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NON LINEAR ROUGH HEAT EQUATION

37 pages
NON-LINEAR ROUGH HEAT EQUATION A. DEYA, M. GUBINELLI, S. TINDEL Abstract. This article is devoted to define and solve an evolution equation of the form dyt = ∆yt dt + dXt(yt), where ∆ stands for the Laplace operator on a space of the form Lp(Rn), and X is a finite dimensional noisy nonlinearity whose typical form is given by Xt(?) = ∑N i=1 x i tfi(?), where each x = (x (1), . . . , x(N)) is a ?-Holder function generating a rough path and each fi is a smooth enough function defined on Lp(Rn). The generalization of the usual rough path theory allowing to cope with such kind of system is carefully constructed. 1. Introduction The rough path theory, which was first formulated in the late 90's by Lyons [23, 22] and then reworked by various authors [12, 13], offers a both elegant and efficient way of defining integrals driven by rough signal. This pathwise approach enables the interpretation and resolution of the standard (rough) differential system dyt = ?(yt) dxt , y0 = a, (1) where x is only a Holder process, and also the treatment of less classical (rough) differ- ential systems such that the delay equation [25] or the integral Volterra systems [8, 9].

  • holder process

  • infinite dimensional

  • linear rough

  • standard system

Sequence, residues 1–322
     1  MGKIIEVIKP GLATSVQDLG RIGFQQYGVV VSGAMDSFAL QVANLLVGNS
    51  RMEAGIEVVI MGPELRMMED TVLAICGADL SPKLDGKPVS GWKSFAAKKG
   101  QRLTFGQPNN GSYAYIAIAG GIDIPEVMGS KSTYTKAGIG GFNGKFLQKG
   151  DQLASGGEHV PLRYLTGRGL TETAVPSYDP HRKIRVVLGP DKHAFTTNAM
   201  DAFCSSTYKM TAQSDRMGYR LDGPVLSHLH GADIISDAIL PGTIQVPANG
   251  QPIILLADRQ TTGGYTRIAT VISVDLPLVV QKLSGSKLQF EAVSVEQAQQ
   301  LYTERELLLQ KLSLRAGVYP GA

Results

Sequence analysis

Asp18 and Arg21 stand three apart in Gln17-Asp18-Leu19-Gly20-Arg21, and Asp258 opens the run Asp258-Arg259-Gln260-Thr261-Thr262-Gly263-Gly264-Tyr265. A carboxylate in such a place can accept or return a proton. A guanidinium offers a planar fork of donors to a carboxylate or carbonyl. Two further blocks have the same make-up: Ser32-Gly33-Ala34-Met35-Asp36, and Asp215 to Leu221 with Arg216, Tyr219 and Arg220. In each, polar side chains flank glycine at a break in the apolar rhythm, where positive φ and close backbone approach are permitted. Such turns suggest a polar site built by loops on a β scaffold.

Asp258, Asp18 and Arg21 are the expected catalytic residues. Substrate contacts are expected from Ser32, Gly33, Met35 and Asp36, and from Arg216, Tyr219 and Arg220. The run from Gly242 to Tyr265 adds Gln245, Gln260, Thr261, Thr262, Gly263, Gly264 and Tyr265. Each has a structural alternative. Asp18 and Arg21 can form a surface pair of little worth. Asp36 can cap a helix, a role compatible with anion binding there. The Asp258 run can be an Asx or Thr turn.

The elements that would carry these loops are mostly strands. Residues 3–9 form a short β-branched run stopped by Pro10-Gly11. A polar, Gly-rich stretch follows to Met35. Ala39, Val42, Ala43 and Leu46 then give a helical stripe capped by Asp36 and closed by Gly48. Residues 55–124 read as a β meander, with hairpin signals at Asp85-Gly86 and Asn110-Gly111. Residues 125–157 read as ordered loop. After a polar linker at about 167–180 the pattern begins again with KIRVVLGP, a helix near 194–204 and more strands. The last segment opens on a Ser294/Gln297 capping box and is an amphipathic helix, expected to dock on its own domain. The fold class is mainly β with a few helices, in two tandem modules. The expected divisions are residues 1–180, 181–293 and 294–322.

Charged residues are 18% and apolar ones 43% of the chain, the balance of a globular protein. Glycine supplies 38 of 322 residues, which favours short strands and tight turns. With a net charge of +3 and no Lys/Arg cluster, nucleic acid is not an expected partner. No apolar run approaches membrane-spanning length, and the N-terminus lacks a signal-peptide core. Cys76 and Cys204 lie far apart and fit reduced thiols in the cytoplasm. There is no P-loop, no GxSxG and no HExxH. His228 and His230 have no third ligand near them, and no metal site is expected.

• rough path

  • integral has

  • dimensional holder

  • operator ?

  • equations driven


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NON-LINEAR ROUGH HEAT EQUATION
A. DEYA, M. GUBINELLI, S. TINDEL
Abstract.This article is devoted to define and solve an evolution equation of the formdyt= Δytdt+dXt(yt), where Δ stands for the Laplace operator on a space of the formLp(Rn), andXis a finite dimensional noisy nonlinearity whose typical form is N given byXt(ϕ) =Pi=1xitfi(ϕ), where eachx= (x(1), . . . , x(N)) is aγ-¨Hunrfdeolnioct generating a rough path and eachfiis a smooth enough function defined onLp(Rn). The generalization of the usual rough path theory allowing to cope with such kind of system is carefully constructed.
1.Introduction
The rough path theory, which was first formulated in the late 90’s by Lyons [23, 22] and then reworked by various authors [12, 13], offers a both elegant and efficient way of defining integrals driven by rough signal. This pathwise approach enables the interpretation and resolution of the standard (rough) differential system